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Circulatory Health nieuws

Vici grant for researcher Jaco Zwanenburg

This week, researcher Jaco Zwanenburg from the UMC Utrecht, was awarded a Vici grant by NWO, the Netherlands Organisation for Scientific Research. This 1.5-million-euro grant enables him to conduct innovative research and expand his research group for five years.

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Few, but severe strokes in hospitalised COVID-19 patients

Strokes do not often occur in hospitalised COVID-19 patients, but when they occur they are often severe, according to research led by scientists at UMC Utrecht. Of stroke patients 71.1% became severely disabled or died. Pulmonary embolisms occur more often, especially in COVID-19 patients who end up in intensive care. The researchers published this online at medRxiv.org. The Dutch Heart Foundation funded this research.

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Severe heart failure increases mortality risk in COVID-19 patients

Of COVID-19 patients with heart disease who are admitted to the hospital, patients with severe heart failure are found to have the highest mortality rate. COVID-19 patients with other heart conditions, including a previous myocardial infarction, appear to have a lower mortality rate. Researchers, brought together by the Dutch CardioVascular Alliance (DCVA), published this today online at medRxiv.org. The Dutch Heart Foundation funded this research.

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Mutations in gene Tmem161b as cause for cardiac arrhythmias

Researchers from the groups of Jeroen Bakkers (Hubrecht Institute/UMC Utrecht), Teun de Boer (UMC Utrecht) and Kelly Smith (University of Melbourne) discovered that a still very unknown gene called Tmem161b plays an important role in the regulation of the heart rhythm. Mutations in this gene disrupt the electrical impulses that run through the heart – so-called action potentials – in zebrafish and mice. The shape and frequency of these action potentials determine the heart rhythm. The researchers hope that, in the long-term, their findings can contribute to better diagnosis and treatment of cardiac arrythmias in humans. The study was published in the prestigious scientific journal PNAS on the 15th of February.

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Researchers discover protein that triggers muscle regeneration

Researchers from the groups of Jeroen Bakkers (Hubrecht Institute/UMC Utrecht) and Peter Currie (Monash University, Australia) discovered a factor that triggers muscle stem cells to proliferate and heal. In a mouse model of severe muscle damage, introduction of this naturally occurring protein led to the complete regeneration of muscle and the return of normal movement after severe muscle trauma. The discovery may lead to faster recovery from muscle injury and wasting diseases. The study was published in Nature on the 10th of February.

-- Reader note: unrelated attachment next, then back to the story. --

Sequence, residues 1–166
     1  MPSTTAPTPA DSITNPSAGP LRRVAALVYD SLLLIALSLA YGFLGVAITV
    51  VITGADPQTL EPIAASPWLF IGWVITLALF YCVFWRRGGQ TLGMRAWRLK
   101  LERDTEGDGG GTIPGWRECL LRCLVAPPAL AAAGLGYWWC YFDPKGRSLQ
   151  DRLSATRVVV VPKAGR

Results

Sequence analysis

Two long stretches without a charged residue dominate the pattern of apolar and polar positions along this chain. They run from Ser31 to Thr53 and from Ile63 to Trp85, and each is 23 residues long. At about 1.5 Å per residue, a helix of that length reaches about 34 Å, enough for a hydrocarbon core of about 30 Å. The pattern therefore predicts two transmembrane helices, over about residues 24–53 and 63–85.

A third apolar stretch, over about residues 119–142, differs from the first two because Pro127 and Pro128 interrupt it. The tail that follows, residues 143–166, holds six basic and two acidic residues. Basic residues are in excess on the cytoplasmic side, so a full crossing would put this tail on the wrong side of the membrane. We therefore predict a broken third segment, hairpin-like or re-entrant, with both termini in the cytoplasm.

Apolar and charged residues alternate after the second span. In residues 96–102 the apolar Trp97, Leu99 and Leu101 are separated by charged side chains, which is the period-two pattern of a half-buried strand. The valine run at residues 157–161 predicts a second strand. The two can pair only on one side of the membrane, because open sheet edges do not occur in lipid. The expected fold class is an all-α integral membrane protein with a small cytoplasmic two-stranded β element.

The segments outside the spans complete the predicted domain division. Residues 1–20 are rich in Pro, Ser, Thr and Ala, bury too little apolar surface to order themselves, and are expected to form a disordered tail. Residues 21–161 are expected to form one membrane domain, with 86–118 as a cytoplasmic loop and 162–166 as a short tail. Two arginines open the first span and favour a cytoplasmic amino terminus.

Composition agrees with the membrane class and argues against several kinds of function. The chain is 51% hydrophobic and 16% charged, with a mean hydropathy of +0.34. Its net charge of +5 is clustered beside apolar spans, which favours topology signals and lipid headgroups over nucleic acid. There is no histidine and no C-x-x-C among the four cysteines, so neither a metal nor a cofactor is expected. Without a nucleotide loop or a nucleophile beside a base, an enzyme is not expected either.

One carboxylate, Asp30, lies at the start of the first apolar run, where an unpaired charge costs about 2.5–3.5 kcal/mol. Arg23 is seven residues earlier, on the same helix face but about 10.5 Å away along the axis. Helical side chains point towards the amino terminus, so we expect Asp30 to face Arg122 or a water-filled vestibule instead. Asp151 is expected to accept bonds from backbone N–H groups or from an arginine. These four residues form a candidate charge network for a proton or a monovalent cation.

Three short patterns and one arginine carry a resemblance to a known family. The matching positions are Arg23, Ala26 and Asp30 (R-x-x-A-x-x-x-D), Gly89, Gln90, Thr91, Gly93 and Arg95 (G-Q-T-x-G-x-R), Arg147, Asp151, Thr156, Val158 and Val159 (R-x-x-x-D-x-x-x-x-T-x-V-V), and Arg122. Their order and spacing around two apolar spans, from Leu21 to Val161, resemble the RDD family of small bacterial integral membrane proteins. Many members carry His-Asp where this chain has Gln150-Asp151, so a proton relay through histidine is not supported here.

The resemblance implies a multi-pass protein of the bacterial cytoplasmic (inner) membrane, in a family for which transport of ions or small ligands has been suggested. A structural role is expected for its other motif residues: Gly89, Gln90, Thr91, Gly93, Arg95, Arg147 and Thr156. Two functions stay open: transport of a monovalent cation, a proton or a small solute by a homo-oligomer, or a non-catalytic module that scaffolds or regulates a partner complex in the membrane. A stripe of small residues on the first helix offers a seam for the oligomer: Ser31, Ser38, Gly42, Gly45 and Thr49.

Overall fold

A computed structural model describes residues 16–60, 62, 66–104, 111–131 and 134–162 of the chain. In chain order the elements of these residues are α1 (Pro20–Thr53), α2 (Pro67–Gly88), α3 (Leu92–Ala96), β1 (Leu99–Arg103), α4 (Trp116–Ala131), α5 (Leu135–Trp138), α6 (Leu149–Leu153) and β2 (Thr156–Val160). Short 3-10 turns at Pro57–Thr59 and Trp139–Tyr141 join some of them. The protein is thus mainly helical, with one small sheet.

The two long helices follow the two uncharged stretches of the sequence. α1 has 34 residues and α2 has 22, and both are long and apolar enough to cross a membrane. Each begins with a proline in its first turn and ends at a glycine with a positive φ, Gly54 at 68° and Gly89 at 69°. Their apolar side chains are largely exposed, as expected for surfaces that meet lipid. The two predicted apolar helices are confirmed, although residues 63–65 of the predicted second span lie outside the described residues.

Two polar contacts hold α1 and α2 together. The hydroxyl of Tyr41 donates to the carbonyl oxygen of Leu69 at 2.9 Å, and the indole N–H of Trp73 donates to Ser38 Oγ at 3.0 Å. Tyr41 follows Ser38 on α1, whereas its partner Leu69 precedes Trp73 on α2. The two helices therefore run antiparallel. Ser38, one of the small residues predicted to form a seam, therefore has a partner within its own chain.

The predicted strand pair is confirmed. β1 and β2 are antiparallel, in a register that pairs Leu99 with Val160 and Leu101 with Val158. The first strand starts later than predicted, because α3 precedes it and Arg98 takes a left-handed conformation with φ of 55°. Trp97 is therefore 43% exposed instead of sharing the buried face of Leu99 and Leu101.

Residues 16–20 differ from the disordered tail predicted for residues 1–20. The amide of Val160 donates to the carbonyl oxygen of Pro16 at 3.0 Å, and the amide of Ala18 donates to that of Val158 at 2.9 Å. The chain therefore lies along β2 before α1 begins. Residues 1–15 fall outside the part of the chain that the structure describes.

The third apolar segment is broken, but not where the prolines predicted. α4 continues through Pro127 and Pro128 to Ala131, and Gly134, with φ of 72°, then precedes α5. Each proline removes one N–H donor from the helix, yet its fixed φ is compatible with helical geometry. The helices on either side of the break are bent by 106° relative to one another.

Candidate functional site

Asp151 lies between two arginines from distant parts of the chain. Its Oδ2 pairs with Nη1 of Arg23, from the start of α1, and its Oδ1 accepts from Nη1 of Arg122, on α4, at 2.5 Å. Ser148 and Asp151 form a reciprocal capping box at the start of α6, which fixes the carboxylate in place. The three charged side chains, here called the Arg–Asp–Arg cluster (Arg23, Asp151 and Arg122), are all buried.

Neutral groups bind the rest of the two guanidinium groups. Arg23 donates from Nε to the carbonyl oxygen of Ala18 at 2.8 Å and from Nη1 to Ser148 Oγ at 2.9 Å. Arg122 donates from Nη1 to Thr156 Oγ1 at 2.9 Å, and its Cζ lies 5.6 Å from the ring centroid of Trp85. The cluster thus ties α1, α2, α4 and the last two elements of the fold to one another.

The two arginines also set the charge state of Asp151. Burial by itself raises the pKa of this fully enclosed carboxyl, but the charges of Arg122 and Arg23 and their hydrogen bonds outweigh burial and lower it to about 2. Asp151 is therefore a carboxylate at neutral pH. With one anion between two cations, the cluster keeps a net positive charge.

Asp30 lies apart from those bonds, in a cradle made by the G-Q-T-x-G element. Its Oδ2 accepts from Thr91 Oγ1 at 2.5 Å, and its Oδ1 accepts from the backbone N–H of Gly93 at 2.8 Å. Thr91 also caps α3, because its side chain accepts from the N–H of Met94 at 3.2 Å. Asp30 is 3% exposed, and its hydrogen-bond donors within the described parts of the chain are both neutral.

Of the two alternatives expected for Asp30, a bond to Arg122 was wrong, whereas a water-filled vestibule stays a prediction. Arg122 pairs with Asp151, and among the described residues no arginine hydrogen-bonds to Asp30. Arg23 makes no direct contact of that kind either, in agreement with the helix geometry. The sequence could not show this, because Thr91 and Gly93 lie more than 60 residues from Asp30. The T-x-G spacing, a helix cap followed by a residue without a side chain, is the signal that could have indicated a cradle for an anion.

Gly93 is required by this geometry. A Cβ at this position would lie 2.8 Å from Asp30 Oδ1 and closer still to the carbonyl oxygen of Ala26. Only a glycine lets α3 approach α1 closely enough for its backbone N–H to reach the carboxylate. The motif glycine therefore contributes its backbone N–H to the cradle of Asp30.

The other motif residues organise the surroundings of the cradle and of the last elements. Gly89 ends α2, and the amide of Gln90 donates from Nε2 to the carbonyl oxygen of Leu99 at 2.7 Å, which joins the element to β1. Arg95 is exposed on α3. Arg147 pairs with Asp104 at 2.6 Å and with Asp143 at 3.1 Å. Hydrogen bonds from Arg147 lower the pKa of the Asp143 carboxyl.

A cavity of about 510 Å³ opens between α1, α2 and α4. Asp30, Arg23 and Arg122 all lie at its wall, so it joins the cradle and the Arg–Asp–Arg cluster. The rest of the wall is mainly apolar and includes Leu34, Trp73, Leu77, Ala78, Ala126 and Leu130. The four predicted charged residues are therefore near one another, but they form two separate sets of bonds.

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Treating artery stenosis with sound waves

By aiming high-frequency sound waves at a narrowing – a plaque – in the artery, it is broken down layer by layer. That is the theory behind the Hifu treatment (High Intensity Focused Ultrasound). This method has recently been successfully tested in patients with carotid stenosis in the groin. This non-invasive operation can be an alternative to patients in the long term to surgery or stent placement.

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In search of a therapy for chronic heart failure

Few treatment options are available to patients with chronic heart failure after a myocardial infarction. Saskia de Jager, associate professor of Experimental Cardiology at the UMC Utrecht, is investigating the role of inflammation in these patients and potential drugs. “For many of these patients, there are no curative treatment options. We need to work towards tailored therapies.”

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Genes discovered that play a role in aneurysm

Researchers find 17 areas on the DNA that contribute to an aneurysm in the head.

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UMC Utrecht Center for Circulatory Health launches MOOC ‘Advanced Heart Failure’

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Start of national study into congenital heart disease

About one in every hundred babies is born with congenital heart disease, of which many develop cardiovascular problems at a later age. Therefore, a large national study into congenital heart disease is launched. The goal of this project is to enable more people with ‘construction errors’ in the heart to grow old healthy. The project – worth three million euros in total – is financed by the Dutch Heart Foundation and Stichting Hartekind. Jeroen Bakkers, professor of Molecular Cardiogenetics at the UMC Utrecht and group leader at the Hubrecht Institute, is one of the leaders of the project.

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